Barr sides with Mississippi drive-in church shuttered by mayor over coronavirus

Washington DC, May 13, 2019. At the 31st Annual Candlelight Vigil two Deputy United States Marshals were honored along with 369 other law enforcement officers who have died in the line of duty, 158 of which died in 2018. The Families of DUSM Chase White and Chris Hill were in attendance as U.S. Marshals Director Donald Washington read their names. rrIn attendance were U.S. Attorney General William Barr and Memorial Fund Chairman John Ashcroft delivered poignant remarks. Attorney General Barr commenced the reading of the fallen officers’ names. The vigil was held at the National Mall between Seventh and 12th streets NW.rrPhoto by: Shane T. McCoy / US Marshals

(USA Features) Attorney General William Barr has come down on the side of a Mississippi church that was holding drive-in services until it was shut down by the city’s mayor, suggesting that the ban unfairly targets “religious conduct.”

Greenville Mayor Errick Simmons issued and order last week that banned all in-person church services, but it also included drive-in services.

After the order was issued, Greenville police issued citations to members of Temple Baptist Church after they held a service anyway. The citations carried a $500 fine.

In addition, police broke up another service that was held by King James Bible Baptist Church.

Temple Baptist sued on Friday and King James Baptist threatened legal action. Simmons retracted the citations but has left the ban in place.

In a letter, Barr said that while social distancing rules are important at the moment, the Constitution remains in effect such as the First Amendment’s religious freedoms.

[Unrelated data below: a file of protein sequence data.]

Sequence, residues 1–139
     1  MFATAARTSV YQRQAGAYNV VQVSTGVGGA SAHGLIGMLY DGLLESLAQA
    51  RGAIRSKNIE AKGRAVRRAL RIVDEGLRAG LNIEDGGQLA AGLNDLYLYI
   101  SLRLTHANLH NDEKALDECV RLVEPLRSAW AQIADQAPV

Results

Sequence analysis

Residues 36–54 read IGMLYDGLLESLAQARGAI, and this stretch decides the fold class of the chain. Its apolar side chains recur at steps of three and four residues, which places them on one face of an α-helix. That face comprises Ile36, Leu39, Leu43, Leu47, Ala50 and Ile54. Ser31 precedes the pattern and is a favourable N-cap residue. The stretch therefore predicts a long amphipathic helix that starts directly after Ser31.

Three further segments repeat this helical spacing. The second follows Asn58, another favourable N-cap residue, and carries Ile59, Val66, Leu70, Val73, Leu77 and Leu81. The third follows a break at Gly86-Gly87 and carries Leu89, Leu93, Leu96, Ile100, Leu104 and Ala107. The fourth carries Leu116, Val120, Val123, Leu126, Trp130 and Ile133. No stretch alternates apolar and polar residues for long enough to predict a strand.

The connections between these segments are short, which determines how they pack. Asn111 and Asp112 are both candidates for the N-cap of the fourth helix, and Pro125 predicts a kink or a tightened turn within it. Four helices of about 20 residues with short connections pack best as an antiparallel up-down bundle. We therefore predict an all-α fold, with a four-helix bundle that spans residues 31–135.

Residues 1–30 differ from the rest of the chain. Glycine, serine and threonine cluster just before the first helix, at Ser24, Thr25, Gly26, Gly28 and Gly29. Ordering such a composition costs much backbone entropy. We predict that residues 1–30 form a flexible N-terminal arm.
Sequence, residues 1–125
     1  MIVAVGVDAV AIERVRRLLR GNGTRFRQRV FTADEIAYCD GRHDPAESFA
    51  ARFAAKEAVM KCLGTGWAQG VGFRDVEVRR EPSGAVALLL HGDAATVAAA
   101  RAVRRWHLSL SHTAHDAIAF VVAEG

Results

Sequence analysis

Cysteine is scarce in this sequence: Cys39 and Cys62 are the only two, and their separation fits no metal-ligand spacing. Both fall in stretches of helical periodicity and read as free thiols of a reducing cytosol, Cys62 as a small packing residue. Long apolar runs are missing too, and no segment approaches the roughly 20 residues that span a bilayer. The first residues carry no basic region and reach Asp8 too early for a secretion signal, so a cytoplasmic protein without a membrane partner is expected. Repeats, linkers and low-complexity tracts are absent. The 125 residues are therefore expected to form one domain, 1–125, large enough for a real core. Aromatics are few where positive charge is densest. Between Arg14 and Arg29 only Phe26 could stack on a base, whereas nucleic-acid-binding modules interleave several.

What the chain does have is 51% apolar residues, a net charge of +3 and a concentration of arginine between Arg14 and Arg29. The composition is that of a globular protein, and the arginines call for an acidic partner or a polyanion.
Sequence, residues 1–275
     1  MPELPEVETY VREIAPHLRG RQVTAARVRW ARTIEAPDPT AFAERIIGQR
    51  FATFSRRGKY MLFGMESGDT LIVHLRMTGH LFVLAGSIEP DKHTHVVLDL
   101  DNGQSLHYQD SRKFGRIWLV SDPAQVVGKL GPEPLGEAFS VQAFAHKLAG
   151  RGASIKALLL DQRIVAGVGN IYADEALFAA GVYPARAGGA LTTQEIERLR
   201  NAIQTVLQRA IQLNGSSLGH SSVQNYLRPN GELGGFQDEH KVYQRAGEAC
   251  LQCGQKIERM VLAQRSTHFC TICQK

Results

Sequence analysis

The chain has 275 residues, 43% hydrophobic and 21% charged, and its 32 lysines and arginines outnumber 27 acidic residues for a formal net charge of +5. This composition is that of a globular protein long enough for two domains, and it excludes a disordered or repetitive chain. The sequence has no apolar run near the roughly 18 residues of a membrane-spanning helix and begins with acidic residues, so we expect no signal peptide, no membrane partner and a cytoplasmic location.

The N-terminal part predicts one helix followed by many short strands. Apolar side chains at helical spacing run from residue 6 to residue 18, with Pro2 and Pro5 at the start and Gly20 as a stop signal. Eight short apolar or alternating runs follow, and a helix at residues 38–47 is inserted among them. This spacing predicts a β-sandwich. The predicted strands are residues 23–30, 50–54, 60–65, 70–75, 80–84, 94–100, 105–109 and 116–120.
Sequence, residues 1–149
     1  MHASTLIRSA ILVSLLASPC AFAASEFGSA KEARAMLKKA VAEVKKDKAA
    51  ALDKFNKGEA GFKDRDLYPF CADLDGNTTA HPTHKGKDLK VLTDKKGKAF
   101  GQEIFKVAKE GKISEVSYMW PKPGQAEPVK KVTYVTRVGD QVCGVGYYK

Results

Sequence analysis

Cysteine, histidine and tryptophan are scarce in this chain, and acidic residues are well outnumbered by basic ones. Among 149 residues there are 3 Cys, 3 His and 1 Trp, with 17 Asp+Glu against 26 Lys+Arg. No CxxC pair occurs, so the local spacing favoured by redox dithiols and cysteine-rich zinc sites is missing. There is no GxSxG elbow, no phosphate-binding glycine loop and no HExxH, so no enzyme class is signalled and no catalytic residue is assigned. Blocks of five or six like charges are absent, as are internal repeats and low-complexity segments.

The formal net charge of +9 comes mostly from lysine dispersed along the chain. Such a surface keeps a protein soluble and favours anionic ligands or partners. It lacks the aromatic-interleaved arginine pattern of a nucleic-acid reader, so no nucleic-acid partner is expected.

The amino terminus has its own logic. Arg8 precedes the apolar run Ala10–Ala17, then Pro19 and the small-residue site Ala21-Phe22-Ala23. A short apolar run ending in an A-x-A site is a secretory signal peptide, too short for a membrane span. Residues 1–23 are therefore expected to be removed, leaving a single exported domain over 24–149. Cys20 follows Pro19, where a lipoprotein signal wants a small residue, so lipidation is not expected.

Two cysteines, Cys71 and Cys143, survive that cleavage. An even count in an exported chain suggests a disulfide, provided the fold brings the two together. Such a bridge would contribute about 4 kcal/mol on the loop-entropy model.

“Even in times of emergency, when reasonable and temporary restrictions are placed on rights, the First Amendment and federal statutory law prohibit discrimination against religious institutions and religious believers,” Barr wrote.

“Thus, government may not impose special restrictions on religious activity that do not also apply to similar nonreligious activity.”

The AG noted that, according to the Religious Freedom Restoration Act, “religious institutions must not be singled out for special burdens,” especially if other institutions are permitted to operate unrestricted.

In the Mississippi churches case, lawyers have noted that while churches have been instructed to close, the drive-in fast-food chain Sonic has been permitted to remain open.

In his letter, Barr singled out the discrepancy in the treatment of the restaurant and the churches as one reason he supports the latter.

“Notably, the city appears to permit citizens to sit in a ‘car at a drive-in restaurant with their windows rolled down,’ but not ‘at a drive-in church service with their windows rolled up,'” Barr wrote. “The church thus alleges that the city has ‘failed to prohibit nonreligious conduct that endangers its interests in a similar or greater degree,’ than drive-in services like the church’s here.”

Based on those allegations, it didn’t make sense why the city would require churches to be closed while allowing drive-in restaurants to remain open, when they “appear to pose an equal — if not greater — risks,” the AG wrote.

He added that “where a state has not acted evenhandedly, it must have a compelling reason to impose restrictions on places of worship and must ensure that those restrictions are narrowly tailored to advance its compelling interest,” concluding that in the Mississippi case, he doesn’t see a compelling reason.

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